On a professional level, Prof. Dapo Adelugba directed Langbodo, Nigeria's drama entry for the FESTAC '77 with a cast of about two hundred drawn from all over Nigeria. That production remains till date a textbook exercise on how plays should be directed. Sam Loco Efe, as the young Akara Ogun, cut his acting teeth in the production. In the late 90s, Uncle D also directed the NIB/Citibank production of J. P. Clark's Oziddi. What was significant about that particular production, which was very well funded by the bank, was that the production funds were released in four installments. First, when the rehearsals were to start; second midway through the rehearsals and third when the group was ready to arrive Lagos and the fourth and last at the end of the production. By the time Adelugba and his team arrived Lagos, he had only collected the first installment!

I recall a personal encounter with the kolanut-chewing, gala-eating and coke-drinking professor of theatre arts, when in 1984, I went to his residence on the UI campus to intimate him of my impending wedding. I knocked on the door and the unmistakable soft voice asked me to come in, which I did. Only problem was I could not find Uncle D in the room! He was embedded in literarily hundreds of books, projects, dissertations and thesis in his living room!

Trying to recall the number of students that have passed through Dapo Adelugba would be an uphill task. He meant different things to many of us, but we all agree that he was an articulate and brilliant lecturer, kind-hearted and jovial. On occasions he will run into a student who graduated several years earlier and remind him of an outstanding assignment yet to be submitted.

To date he is known to have supervised, while at Ibadan, the largest number of Ph.D's. The number of Theatre Arts Professors that he has sat on their interview panels is also too numerous to count, but they span the entuire country; from Maiduguri to Sokoto, Zaria to Ilorin, Calabar to Portharcour and Lagos! We all owe him a debt of gratitude.

On Sunday March 1, 2009, a group of former students of Prof. Dapo Adelugba met at the University of Lagos to make plans for his birthday celebrations for later in the year. The encomiums and enthusiasm was electrifying. It was an array of graduates who left in 1972 to as recent as 2004. We were all united in the celebration of a theatre icon. Some of his former students who were present included Ihria Enakimio, Wasee Kareem, Tade Adekunle, Jahman Anikulapo, Pamela Udoka, Gregory Odutayo, Longley Evru, Don Pedro-Obaseki, George Ufot, Tony Afokhai and Kemi Koyejo.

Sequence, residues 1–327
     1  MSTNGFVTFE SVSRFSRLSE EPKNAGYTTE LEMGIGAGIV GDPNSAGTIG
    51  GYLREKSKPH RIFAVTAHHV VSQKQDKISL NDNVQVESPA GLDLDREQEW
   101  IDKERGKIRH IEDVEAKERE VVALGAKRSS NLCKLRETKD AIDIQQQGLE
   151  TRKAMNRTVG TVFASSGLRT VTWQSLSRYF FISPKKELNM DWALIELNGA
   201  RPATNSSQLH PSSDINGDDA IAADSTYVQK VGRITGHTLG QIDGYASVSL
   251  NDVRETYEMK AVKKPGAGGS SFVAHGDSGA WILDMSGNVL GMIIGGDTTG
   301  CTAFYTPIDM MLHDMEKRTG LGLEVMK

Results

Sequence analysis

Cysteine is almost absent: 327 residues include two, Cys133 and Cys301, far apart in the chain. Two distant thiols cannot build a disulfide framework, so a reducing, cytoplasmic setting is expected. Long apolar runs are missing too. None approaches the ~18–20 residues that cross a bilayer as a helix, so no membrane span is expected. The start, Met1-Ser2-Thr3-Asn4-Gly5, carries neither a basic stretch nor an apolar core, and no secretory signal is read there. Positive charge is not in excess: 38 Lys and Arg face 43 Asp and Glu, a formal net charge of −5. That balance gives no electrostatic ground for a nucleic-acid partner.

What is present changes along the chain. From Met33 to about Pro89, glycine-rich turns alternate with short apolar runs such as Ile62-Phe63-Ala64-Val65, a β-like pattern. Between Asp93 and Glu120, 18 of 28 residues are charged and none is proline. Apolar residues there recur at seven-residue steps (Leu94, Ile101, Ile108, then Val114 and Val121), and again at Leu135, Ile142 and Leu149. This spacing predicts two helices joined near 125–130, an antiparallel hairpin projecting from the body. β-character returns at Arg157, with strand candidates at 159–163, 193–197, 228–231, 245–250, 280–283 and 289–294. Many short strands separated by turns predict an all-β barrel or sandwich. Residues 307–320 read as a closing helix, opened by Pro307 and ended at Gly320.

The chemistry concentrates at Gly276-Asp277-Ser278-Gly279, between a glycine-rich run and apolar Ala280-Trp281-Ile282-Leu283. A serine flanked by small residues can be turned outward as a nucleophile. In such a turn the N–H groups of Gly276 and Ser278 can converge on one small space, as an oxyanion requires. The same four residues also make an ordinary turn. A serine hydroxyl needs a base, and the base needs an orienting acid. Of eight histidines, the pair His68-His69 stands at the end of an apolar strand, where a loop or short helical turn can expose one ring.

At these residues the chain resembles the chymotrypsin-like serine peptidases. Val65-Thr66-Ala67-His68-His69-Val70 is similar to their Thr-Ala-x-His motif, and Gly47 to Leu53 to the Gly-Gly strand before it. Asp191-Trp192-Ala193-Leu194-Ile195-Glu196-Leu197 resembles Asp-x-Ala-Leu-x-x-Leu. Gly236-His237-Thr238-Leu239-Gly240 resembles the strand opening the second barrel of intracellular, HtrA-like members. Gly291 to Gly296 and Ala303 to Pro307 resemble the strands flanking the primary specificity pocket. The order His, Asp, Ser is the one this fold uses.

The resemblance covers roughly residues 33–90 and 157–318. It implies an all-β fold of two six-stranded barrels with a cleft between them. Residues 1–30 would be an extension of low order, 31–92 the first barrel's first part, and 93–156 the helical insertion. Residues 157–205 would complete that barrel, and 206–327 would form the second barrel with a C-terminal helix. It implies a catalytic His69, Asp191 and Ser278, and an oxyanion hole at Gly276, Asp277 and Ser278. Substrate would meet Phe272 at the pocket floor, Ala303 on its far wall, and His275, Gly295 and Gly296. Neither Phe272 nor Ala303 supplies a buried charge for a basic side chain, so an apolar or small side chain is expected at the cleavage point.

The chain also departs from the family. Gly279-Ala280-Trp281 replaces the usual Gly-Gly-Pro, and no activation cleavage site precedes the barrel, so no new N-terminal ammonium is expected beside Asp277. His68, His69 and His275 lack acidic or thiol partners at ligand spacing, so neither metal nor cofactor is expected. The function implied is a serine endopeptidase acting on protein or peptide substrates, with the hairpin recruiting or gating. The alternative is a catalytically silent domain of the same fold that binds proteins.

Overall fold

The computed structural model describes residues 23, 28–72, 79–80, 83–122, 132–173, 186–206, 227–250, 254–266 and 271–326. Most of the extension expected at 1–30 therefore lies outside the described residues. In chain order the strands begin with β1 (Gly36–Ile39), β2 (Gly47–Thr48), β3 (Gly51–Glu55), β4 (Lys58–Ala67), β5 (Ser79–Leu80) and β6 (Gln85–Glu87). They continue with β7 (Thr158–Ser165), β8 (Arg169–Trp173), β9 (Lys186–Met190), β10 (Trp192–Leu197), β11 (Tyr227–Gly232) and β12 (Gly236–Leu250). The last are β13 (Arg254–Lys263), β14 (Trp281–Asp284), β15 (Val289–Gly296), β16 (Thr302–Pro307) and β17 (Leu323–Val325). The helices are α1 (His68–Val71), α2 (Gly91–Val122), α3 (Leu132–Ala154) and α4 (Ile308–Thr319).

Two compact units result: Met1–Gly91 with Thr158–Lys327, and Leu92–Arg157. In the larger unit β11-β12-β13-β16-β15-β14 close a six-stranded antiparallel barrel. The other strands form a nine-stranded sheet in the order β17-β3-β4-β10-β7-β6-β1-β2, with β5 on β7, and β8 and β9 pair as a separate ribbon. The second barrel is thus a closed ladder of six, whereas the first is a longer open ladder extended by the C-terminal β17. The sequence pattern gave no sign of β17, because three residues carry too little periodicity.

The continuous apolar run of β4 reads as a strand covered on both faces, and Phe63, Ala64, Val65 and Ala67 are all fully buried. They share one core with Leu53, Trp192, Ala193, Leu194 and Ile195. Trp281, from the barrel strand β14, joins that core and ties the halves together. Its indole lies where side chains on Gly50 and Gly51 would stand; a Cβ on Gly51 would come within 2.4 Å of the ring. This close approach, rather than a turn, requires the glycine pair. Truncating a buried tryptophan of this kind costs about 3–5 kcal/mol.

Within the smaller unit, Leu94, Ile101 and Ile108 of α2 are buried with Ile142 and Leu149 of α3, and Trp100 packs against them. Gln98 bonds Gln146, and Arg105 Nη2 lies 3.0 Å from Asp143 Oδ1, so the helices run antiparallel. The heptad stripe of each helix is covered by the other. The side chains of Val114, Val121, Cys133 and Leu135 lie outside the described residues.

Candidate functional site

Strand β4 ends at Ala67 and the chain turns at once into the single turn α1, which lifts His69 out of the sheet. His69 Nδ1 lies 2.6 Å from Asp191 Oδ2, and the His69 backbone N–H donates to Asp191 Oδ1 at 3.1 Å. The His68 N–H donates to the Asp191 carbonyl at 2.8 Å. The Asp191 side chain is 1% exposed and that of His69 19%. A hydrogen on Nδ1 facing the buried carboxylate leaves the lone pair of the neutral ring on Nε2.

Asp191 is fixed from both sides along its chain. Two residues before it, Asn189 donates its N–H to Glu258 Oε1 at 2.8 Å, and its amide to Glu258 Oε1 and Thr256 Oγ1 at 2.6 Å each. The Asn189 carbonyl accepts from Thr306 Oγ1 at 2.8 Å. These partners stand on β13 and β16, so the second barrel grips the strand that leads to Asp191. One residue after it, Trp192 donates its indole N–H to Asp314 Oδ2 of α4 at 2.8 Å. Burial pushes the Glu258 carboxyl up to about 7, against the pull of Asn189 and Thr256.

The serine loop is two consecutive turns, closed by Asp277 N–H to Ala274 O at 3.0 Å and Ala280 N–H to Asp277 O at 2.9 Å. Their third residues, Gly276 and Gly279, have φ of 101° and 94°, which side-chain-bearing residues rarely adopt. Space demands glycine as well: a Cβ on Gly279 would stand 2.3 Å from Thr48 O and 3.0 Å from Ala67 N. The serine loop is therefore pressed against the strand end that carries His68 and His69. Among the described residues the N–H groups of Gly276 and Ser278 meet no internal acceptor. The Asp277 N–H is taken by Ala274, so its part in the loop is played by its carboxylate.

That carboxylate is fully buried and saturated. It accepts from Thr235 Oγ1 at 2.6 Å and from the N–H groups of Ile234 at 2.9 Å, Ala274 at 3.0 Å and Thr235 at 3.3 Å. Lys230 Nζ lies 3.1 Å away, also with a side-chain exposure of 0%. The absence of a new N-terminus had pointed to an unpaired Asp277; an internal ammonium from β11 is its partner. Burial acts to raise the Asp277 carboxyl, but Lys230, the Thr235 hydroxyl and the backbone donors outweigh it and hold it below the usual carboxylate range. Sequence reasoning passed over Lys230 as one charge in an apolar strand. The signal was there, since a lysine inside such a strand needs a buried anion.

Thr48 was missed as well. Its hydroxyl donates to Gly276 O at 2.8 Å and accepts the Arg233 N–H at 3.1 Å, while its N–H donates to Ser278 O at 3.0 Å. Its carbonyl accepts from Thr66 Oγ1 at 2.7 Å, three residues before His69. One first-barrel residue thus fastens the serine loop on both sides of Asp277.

The workaholic Uncle D, or shall we join the younger generation and say "Baba D", after retirement has relocated to the Department of Drama and Theatre of the Ahmadu Bello University to continue his work with post graduate students, while still maintaining his active link with the International Theatre Institute in Paris, the International Federation for Theatre Research, Helsinki and the African Theatre Association in London.

Oni, Theater Designer and teacher, is Head of Dept of Creative Arts, University of Lagos


Dear Dapo,

Welcome to the ranks of septuagenarians - albeit several years after me! Your colleagues, in their various messages, remember and celebrate so many aspects of your life and times, and obviously the wonderful Scoundrel Suberu is often fondly recalled! I remember that, of course, but perhaps I'm one of the few who will also recall - with huge delight - your performance as the Company manager in our UI Travelling Theatre production of A (sic) Taming of the Shrew - our version of Shakespeare's comedy, directed, of course, by our great friend, the late Geoffrey Axworthy.

The opening 'joke' that you played on the audience was to come on stage and apologise for the non-arrival of the actors due to a (entirely plausible!) breakdown on the road. This provoked cries of disappointment from the audience. However, you told them, you had the scripts and a hamper of costumes, so if any of the audience would care to volunteer to come up on stage and play the parts, that would be fine! Some indeed volunteered and came up on stage, before the real actors, planted already in the audience, 'volunteered' themselves boisterously: the audience fell apart with laughter at having been tricked, and the show got off to a splendid start! And not to forget your appearance at the end of the play as 'The Widow' - so small a part that we pretended we had forgotten to cast it, and you saved the day and the play by throwing a shawl over your head and playing the part!